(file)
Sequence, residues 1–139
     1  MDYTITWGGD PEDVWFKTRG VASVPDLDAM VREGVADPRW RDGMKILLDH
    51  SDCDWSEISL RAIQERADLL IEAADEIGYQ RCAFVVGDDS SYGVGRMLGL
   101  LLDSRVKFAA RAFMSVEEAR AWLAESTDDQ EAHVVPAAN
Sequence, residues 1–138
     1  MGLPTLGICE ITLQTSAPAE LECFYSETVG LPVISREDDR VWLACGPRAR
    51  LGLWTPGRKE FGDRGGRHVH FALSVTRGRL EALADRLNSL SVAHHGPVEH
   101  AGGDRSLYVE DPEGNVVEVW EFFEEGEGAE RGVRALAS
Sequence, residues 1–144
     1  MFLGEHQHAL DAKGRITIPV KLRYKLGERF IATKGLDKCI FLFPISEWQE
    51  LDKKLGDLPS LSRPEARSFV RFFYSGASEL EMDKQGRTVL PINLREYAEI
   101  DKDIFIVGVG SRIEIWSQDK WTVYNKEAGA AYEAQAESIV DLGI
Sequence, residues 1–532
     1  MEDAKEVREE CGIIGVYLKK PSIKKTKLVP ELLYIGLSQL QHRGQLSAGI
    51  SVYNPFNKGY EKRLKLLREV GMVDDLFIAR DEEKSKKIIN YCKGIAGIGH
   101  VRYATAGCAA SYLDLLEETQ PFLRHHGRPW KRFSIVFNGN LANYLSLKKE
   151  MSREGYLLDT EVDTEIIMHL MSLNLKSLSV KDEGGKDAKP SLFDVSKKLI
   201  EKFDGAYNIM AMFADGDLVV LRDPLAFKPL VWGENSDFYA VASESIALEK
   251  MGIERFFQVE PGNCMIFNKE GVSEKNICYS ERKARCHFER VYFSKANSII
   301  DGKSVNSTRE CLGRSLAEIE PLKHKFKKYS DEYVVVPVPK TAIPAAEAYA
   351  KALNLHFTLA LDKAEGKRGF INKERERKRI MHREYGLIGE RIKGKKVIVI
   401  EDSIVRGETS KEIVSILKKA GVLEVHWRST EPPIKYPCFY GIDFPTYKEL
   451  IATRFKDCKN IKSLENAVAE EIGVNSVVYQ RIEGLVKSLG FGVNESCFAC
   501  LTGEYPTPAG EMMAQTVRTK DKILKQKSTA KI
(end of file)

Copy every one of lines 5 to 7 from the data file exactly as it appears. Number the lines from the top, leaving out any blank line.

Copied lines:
Sequence, residues 1–138
     1  MGLPTLGICE ITLQTSAPAE LECFYSETVG LPVISREDDR VWLACGPRAR
    51  LGLWTPGRKE FGDRGGRHVH FALSVTRGRL EALADRLNSL SVAHHGPVEH